The figurative language of Terry Fallis

Reading time: Less than 1 minute

I write today about some figurative language from noted Canadian writer, and two-time winner of the Stephen Leacock Medal for Humour, Terry Fallis….

I discovered writer Terry Fallis (pictured above) in 2009, shortly after he had won his first Stephen Leacock Medal for Humour for his very funny novel The Best-Laid Plans. This slap-your-knee funny story — about a burned-out political strategist’s plan to kill off his own credibility by managing the campaign of an “unelectable” candidate — delivers many laughs. The turning point of the plot? The candidate becomes unexpectedly popular with voters.

Fallis originally released his book, chapter by chapter, in podcast format, later self-publishing it in print. After it won the Leacock medal, the title was picked up by a traditional publisher, Douglas Gibson books. Then, Fallis’s sequel novel, The High Road, (about the same characters) delivered almost as many laughs as the first book. In addition to being a successful Canadian author, Fallis is also the co-founding partner of Thornley Fallis, a public relations and social/digital media agency with offices in Toronto and Ottawa.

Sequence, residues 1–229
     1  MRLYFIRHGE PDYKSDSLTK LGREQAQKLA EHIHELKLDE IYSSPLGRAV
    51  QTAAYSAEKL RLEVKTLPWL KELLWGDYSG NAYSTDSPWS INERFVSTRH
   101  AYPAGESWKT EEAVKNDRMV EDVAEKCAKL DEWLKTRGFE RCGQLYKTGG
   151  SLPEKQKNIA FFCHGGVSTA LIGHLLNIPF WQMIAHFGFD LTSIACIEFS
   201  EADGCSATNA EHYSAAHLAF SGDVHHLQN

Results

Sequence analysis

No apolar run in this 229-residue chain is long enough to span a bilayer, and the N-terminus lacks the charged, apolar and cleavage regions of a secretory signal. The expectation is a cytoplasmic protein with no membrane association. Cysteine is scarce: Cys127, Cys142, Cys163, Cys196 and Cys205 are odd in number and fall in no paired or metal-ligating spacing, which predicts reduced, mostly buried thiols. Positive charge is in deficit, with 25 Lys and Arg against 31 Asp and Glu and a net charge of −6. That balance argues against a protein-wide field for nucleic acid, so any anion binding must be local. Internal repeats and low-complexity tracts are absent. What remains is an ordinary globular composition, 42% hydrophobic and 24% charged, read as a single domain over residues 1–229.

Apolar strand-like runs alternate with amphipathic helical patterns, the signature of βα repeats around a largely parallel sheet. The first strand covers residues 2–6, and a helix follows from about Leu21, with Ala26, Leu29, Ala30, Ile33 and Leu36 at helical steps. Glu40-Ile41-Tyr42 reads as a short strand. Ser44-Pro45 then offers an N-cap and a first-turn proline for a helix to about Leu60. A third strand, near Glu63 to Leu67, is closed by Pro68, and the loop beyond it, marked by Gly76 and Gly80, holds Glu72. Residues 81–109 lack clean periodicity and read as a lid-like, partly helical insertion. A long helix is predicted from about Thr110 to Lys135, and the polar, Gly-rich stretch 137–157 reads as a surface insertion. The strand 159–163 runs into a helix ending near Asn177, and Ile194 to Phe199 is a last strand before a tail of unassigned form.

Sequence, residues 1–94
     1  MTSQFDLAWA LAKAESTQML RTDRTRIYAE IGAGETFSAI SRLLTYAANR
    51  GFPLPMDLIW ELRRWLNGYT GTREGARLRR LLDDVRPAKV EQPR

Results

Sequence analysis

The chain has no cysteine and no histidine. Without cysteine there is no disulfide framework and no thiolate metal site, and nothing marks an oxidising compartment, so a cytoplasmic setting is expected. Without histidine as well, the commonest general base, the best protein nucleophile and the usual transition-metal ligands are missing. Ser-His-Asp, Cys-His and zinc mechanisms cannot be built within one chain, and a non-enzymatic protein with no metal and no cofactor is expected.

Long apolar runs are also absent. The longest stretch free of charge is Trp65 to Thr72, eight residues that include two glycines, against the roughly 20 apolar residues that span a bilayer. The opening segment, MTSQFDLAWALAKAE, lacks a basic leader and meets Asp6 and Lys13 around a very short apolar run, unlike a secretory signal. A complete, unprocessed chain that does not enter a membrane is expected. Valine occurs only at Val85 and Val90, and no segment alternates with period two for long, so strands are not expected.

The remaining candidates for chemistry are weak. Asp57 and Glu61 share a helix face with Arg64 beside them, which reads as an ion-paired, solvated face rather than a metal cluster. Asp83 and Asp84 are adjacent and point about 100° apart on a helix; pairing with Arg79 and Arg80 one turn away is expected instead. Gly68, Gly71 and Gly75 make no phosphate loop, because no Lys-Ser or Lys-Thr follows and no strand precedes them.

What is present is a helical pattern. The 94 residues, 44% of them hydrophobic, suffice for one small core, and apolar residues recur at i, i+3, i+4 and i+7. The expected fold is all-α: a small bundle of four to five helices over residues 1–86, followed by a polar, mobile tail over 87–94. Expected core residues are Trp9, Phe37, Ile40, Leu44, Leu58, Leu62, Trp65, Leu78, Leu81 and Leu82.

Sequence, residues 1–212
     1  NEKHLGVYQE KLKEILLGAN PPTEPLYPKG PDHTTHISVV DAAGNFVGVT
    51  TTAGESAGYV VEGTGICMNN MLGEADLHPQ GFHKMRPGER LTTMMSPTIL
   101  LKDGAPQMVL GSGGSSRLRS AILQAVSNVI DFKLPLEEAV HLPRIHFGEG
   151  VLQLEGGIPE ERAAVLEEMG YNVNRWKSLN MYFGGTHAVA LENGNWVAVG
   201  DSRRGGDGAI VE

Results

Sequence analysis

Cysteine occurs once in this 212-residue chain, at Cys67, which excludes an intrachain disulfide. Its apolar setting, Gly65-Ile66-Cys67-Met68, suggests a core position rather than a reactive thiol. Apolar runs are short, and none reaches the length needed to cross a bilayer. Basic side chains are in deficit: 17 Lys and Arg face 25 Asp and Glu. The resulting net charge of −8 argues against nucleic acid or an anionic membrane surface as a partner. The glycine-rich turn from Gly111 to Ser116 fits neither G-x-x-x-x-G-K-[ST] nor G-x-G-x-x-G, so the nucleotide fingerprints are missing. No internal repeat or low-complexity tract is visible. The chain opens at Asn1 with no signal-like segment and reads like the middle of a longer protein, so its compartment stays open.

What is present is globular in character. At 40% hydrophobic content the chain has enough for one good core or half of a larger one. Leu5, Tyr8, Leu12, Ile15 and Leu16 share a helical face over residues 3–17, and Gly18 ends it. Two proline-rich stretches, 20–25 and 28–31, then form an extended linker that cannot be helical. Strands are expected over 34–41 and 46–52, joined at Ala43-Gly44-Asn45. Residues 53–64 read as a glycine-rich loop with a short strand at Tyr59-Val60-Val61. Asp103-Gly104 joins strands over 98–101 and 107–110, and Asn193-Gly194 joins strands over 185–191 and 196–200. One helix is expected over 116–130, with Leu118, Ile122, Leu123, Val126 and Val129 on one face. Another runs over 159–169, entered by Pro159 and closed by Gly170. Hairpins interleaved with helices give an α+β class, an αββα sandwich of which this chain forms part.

Fallis’s most recent work, One Brother Shy, isn’t quite as sophisticated as the first two, but it offers a witty look at the travails of a painfully shy software engineer who tries to piece together the story of a family mystery. Still, rather than the story itself, I enjoyed Fallis’s writing style and, of course, his sense of humour. Here is the figurative language I liked best:

  • At 9:15, she checked her watch, rose from her desk, and walked, empty-handed, out of her office and into the boardroom. Tension followed her in and draped itself over the assembly.
  • Even Abby in our remote cubicle popped up from behind our partition like a startled meerkat with a pained look on her face.
  • She gave me a long look of pure, unadulterated sympathy, before slowly lowering herself behind the [office] partition like she was riding an elevator.

If you’re new to Terry Fallis, though, I suggest you start with his first book.